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Subject: RE: es LP cover most indicative of them?
Date: Saturday, October 06, 2018
Time: 6:09:19 AM
Remote Address: 18.104.22.168
Message ID: 317991
Parent ID: 317972
Thread ID: 317968
That's a hard one gomper, made slightly easier by the inclusion of 'most'. I think 'Fatmo's choice of the Warhol concept sleeve 'Sticky Fingers' is a fair enough shout. It doesn't take much imagination to figure out what that's all about i.e. sex, and there is an argument to be made that if rock (and roll, and r'n'b, and soul etc) is about anything, it's about sex. Of course that is not peculiar to the Stones.
There are a lot of albums covers between the first and the last to try to pick from. There have been quite a few phases of the Stones so I think I'm going to choose one from their first incarnation, when they were the 'Rolling Stones' and vital (remember that?), when they were 'a way of life'.
My choice is their first album, the Loogster's brilliant innovative concept that he fought tooth and nail for i.e. a front cover with nothing on it to indicate who they were. To you guys over there that would be the slightly different, and defaced 'England's Newest Hitmakers' (I do understand why it was necessary to do that in the U.S.), but I am talking about the U.K. release.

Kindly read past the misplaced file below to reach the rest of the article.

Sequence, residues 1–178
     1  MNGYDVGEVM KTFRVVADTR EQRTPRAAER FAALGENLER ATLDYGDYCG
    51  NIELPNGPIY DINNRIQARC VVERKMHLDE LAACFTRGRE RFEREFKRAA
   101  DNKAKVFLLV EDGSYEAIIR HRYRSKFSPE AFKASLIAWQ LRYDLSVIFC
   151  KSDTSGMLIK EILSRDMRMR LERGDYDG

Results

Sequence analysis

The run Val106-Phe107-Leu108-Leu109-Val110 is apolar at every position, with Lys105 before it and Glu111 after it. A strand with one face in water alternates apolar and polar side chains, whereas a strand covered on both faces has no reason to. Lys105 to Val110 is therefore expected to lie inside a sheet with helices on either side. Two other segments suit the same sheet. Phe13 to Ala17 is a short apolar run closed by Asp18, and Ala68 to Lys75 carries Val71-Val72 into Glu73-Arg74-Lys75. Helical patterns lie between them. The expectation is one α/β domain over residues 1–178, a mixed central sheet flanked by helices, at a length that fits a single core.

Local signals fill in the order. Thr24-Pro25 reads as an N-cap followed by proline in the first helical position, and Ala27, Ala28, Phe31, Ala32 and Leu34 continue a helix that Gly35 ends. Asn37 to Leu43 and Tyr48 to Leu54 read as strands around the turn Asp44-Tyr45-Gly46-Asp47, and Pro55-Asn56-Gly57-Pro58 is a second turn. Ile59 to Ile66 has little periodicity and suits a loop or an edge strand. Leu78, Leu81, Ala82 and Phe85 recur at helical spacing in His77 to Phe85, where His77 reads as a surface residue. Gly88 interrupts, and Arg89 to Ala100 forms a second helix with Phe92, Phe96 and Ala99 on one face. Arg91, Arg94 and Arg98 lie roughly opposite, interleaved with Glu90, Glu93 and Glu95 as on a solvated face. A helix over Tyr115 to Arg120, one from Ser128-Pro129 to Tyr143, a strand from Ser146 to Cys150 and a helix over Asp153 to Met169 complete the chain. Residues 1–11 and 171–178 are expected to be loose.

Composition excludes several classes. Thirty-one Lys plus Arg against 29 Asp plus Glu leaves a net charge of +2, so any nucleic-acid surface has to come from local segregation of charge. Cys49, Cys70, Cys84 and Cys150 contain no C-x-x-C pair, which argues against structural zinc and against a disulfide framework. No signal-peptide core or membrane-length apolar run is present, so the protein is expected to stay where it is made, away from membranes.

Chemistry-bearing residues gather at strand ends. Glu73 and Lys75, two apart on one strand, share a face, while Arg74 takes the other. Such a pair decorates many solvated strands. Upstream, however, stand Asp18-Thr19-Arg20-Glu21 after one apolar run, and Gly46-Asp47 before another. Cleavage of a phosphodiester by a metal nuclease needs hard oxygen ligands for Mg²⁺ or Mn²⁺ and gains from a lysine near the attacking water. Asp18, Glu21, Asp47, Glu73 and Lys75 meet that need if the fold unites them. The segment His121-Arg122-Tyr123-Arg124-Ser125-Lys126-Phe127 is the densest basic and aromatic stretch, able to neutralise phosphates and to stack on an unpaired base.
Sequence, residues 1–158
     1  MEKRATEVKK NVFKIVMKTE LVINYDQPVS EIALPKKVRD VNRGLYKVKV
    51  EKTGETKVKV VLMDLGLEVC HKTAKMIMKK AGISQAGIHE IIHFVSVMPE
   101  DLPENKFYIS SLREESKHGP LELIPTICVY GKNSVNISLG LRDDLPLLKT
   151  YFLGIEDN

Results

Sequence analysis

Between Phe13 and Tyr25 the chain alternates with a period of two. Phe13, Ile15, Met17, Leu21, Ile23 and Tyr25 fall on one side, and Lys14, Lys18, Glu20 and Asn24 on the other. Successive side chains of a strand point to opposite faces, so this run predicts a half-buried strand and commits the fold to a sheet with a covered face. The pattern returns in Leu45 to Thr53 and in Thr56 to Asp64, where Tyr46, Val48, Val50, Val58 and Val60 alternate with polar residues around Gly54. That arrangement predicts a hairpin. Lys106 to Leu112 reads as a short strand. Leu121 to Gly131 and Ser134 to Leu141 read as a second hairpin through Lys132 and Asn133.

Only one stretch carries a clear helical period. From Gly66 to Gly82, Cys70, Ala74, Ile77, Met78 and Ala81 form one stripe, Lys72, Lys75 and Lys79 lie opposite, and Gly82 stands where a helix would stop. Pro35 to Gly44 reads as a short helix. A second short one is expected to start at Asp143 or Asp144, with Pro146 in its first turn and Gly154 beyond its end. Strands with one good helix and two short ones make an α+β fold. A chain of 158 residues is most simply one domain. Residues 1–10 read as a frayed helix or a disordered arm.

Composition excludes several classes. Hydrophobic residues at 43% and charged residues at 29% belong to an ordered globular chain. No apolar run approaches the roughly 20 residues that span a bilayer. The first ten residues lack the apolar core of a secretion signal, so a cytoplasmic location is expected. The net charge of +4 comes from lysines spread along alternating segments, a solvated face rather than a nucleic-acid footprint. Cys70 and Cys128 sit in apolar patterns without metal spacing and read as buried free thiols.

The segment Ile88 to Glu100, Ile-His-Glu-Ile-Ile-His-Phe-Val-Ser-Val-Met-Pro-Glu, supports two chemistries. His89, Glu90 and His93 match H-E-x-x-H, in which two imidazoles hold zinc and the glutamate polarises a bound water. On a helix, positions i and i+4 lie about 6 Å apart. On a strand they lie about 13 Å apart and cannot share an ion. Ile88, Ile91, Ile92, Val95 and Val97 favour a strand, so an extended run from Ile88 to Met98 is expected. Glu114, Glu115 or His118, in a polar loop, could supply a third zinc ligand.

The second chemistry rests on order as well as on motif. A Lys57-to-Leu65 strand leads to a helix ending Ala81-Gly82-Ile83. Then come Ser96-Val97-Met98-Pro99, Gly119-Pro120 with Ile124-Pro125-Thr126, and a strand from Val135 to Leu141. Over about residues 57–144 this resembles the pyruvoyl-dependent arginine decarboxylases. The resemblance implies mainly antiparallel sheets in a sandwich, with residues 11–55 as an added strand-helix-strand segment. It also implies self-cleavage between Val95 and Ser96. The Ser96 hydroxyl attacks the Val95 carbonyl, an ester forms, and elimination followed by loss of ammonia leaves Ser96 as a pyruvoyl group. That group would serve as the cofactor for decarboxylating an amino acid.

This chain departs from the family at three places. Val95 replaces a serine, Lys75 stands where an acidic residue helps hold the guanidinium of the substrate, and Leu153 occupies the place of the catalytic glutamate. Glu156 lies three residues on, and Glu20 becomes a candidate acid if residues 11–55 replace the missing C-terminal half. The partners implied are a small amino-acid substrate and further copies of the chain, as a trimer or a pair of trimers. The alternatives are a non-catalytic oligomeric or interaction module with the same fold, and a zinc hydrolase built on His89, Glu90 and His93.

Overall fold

Like Keno generally speaking I'm a fan of the covers that show the band, and those early covers with them on it were stellar (compare them with the awful artwork of 'A Bigger Bore' which was, need I say it, less than stellar).
So that would be my choice, the first album. To explain why I think that cover was 'most indicative' of those early Stones I can do no better than quote Simon Frith and Howard Horne in 'Art into Pop' which was re quoted in Oldham's autobiography 'Stoned'..........'(the Stones looked noticeably scruffy and real by contrast), partly through a use of close-up composition and half lighting that made the group look at once both near and out of reach, decadent and vulnerable.
The comparison Frith and Horne were making was with the 'With The Beatles' cover. When the Stones first album came out we had all fallen into either the Stones or Beatles camp. Some, like myself, loosely, others being more rigid in their allegiance. Firth and Horne's words seem to be echoing, as far as I remember, why the young pluto, in the first stirrings of teenage rebellion, pinned his colours to the Stones mast. It was all a terribly long time ago though, and it could be a false memory.
Btw, Firth and Horne attribute that first Stones cover to the photography of David Bailey. I can't remember who's pic it was, but I don't think it was Bailey's.
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